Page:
This article may contain spoilers for Assassin’s Creed: Syndicate.
You spent years waiting for developers to hurry up and release a big game. You buy it, take it home, and play through it in a couple of days. It’s awesome.
But now what?
Read+Watch+Listen is about other material you might want to check out if you’re just not ready to move on. We’ll suggest media that share something in common with a particular game and tell you why it might be of interest. This time, we’re steaming right along with Assassin’s Creed: Syndicate, which is out now for PlayStation 4, Xbox One, and PC.
This impressive graphic novel (in every sense of the term) comes from writer Alan Moore and artist Eddie Campbell, and it dramatizes writer Stephen Knight’s version of the Jack the Ripper murders as he describes it in his largely discredited book Jack the Ripper: The Final Solution. Knight — and, subsequently, Moore — blamed the crimes on a massive attempt to cover up and remove a threat to the monarchy, but it’s also a vehicle to depict the murders in slow and often excruciating detail; one takes over 30 pages to finish.
We know that Syndicate takes place in 1868, 20 years before the Ripper murders, but it does share a location in Whitechapel and a character in real-life inspector Frederick Abberline, who appears in both the game and From Hell. Assassin’s Creed fans will also enjoy the book’s far-reaching, Templar-style conspiracy involving the Freemasons. It also includes a “hidden history” like the one we’ve been participating in throughout the series, and one character describes — at great length — the signs of an invisible hand guiding the building and administration of all of London since its creation.
Spoiler: The Freemasons did everything. That’s why London has obelisks all over the place, apparently.
‘Gangs of New York
If you couldn’t get enough of: brutal, full-on street rumbling.
Director Martin Scorsese’s 2002 epic takes place a mere five years before the events of Syndicate, but its events occur about 3,500 miles away. But if this movie is any indication, both the U.S. and England had pretty much the same idea about how rival gangs settle their differences: by meeting en masse in a wide-open area and beating the hell out of each other.
Leonardo DiCaprio headlines Gangs, but its real star is Daniel Day-Lewis, who plays villain Bill “The Butcher” Cuttings. Bill heads up the xenophobic Natives, which came to power after deposing the rival, Irish-immigrant Dead Rabbits. And both of these names are better than “The Rooks.”
Much of the film concerns late-19th century political corruption and accents of varying quality, but it begins and ends with huge, hand-to-hand rumbles that the Syndicate developers almost certainly watched on a loop while they made the Gang Wars that allow Jacob and Evie to take over neighborhoods.
The art of Atkinson Grimshaw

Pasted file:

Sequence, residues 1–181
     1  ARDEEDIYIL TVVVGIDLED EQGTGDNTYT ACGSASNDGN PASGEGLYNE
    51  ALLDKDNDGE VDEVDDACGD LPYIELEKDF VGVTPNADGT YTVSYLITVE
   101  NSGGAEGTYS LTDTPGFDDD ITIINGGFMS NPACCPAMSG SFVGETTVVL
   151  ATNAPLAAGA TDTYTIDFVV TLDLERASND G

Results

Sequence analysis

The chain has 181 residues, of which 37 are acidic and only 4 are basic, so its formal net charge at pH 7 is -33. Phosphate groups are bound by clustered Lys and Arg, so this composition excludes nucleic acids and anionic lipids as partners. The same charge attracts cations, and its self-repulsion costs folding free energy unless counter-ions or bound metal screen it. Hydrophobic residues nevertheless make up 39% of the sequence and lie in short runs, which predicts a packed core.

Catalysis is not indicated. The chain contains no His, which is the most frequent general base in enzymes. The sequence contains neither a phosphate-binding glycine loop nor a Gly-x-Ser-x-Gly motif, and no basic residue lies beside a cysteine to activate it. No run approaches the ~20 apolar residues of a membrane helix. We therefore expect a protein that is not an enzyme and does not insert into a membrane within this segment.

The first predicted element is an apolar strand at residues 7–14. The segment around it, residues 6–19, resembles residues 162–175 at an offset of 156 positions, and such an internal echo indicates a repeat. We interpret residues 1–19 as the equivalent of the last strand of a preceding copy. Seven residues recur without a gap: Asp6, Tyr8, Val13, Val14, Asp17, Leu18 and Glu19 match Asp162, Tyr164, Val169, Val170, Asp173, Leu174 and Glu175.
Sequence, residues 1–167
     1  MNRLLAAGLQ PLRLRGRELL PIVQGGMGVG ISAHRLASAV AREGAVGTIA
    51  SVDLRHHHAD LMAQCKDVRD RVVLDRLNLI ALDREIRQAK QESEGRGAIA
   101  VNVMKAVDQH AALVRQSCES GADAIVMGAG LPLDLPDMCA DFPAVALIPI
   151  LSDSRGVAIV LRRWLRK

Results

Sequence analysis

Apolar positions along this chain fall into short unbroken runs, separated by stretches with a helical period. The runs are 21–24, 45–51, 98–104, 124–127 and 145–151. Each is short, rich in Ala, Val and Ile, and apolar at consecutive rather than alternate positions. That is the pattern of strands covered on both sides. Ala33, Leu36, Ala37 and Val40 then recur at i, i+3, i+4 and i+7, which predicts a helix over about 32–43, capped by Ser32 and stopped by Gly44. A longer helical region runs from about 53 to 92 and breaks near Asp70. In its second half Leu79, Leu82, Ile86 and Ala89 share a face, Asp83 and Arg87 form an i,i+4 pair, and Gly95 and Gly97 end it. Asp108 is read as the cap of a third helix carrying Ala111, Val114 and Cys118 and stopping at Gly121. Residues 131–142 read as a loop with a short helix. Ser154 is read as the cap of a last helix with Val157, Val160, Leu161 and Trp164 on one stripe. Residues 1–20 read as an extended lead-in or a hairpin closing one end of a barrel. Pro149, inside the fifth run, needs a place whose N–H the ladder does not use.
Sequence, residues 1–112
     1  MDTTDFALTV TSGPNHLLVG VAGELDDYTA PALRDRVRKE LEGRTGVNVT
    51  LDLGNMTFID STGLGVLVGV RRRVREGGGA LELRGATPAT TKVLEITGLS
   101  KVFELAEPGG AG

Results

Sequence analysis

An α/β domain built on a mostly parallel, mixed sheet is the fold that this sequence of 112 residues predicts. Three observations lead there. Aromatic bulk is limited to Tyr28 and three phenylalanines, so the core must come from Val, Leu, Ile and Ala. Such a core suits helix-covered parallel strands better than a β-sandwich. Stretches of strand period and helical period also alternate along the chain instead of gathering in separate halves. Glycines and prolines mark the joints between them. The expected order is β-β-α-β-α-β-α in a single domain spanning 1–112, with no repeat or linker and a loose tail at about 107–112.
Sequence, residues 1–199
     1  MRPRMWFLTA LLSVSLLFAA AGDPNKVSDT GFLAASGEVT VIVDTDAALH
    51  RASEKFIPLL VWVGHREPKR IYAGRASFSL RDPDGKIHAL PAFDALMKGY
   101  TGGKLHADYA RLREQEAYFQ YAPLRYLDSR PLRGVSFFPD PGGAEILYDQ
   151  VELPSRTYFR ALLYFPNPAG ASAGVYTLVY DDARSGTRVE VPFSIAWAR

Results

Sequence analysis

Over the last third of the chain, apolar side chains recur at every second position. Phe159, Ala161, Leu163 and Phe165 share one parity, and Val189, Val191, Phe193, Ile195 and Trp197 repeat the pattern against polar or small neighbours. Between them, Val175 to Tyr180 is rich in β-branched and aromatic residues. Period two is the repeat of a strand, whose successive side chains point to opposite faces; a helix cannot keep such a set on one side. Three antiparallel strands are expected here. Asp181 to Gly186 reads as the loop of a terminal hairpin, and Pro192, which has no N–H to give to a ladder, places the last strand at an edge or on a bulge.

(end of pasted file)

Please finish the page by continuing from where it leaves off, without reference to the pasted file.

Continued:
If you couldn’t get enough of: scenes of Victorian England.
John Atkinson Grimshaw (1836-1893) had two major things going for him: He was an immensely talented painter of landscapes, and he possessed one of the single most amazing names we’ve ever heard.
Plus, he looked more than a little like public-television art god Bob Ross. I think it’s the beard.
But Grimshaw’s work is the relevant part here, and it wouldn’t be hard to imagine that the art department of Ubisoft Quebec just kept a book of his collected works around to use as concepts and references.
Check out Ubisoft’s and Grimshaw’s work side by side below; we aren’t saying they’re identical, but it’s cool to see two interpretations of similar scenes next to each other. Click on the images to see them full-size.
If you’re looking for more paintings by Atkinson Grimshaw, check out his page at Art.com.
Cockney rhyming slang lessons
If you’re tired of: turning on the subtitles.
If you haven’t seen every (good) film Guy Ritchie has ever made, Syndicate co-hero Jacob Frye’s repeated use of Cockney rhyming slang might have sent your head spinning until you turned on the in-game subtitles, which helpfully translate the dialogue from its original English.
But learning new languages can be fun; just ask YouTube user iswearenglish, an English Language Learner teacher whose channel contains hundreds of quick lessons in pronunciation and usage of (British) English words and phrases. Mixed in with his videos promoting proper English, he includes a handful of tutorials on the mysterious language and customs of the Cockneys. And he delivers them in such an earnest and helpful tone that you almost don’t notice when he starts teaching you less savory terms like “Donald Duck” and “Anthony Blunt.”
Have a butcher’s below.
I haven’t read, watched, and listened to everything, obviously. Do you have another piece of media that goes with Assassin’s Creed: Syndicate? Feel free to share in the comments. And be sure to check out the other entries in this series here.